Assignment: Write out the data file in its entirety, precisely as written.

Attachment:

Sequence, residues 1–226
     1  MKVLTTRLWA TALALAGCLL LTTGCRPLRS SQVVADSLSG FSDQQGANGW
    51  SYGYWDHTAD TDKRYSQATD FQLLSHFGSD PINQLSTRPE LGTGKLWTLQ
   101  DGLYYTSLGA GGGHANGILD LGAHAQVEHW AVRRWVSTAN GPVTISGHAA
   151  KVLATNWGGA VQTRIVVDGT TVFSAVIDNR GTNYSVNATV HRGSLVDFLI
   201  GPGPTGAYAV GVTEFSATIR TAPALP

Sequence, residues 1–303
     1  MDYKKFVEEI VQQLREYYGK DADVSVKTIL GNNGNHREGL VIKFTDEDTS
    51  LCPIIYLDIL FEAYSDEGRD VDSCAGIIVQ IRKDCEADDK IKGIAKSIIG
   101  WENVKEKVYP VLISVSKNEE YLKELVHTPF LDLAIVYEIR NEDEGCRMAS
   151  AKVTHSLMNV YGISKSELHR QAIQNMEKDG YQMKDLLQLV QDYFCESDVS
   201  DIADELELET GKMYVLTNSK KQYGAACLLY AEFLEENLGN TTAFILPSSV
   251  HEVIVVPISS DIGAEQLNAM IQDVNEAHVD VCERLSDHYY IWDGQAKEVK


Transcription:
Sequence, residues 1–226
     1  MKVLTTRLWA TALALAGCLL LTTGCRPLRS SQVVADSLSG FSDQQGANGW
    51  SYGYWDHTAD TDKRYSQATD FQLLSHFGSD PINQLSTRPE LGTGKLWTLQ
   101  DGLYYTSLGA GGGHANGILD LGAHAQVEHW AVRRWVSTAN GPVTISGHAA
   151  KVLATNWGGA VQTRIVVDGT TVFSAVIDNR GTNYSVNATV HRGSLVDFLI
   201  GPGPTGAYAV GVTEFSATIR TAPALP

Sequence, residues 1–303
     1  MDYKKFVEEI VQQLREYYGK DADVSVKTIL GNNGNHREGL VIKFTDEDTS
    51  LCPIIYLDIL FEAYSDEGRD VDSCAGIIVQ IRKDCEADDK IKGIAKSIIG
   101  WENVKEKVYP VLISVSKNEE YLKELVHTPF LDLAIVYEIR NEDEGCRMAS
   151  AKVTHSLMNV YGISKSELHR QAIQNMEKDG YQMKDLLQLV QDYFCESDVS
   201  DIADELELET GKMYVLTNSK KQYGAACLLY AEFLEENLGN TTAFILPSSV
   251  HEVIVVPISS DIGAEQLNAM IQDVNEAHVD VCERLSDHYY IWDGQAKEVK